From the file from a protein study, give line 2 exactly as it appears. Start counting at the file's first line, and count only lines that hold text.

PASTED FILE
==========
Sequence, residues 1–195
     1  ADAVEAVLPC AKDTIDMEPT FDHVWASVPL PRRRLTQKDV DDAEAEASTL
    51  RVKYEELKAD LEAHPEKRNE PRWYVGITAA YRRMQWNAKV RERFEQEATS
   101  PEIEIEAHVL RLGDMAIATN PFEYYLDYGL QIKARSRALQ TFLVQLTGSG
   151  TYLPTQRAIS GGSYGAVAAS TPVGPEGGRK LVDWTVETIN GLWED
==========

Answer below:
     1  ADAVEAVLPC AKDTIDMEPT FDHVWASVPL PRRRLTQKDV DDAEAEASTL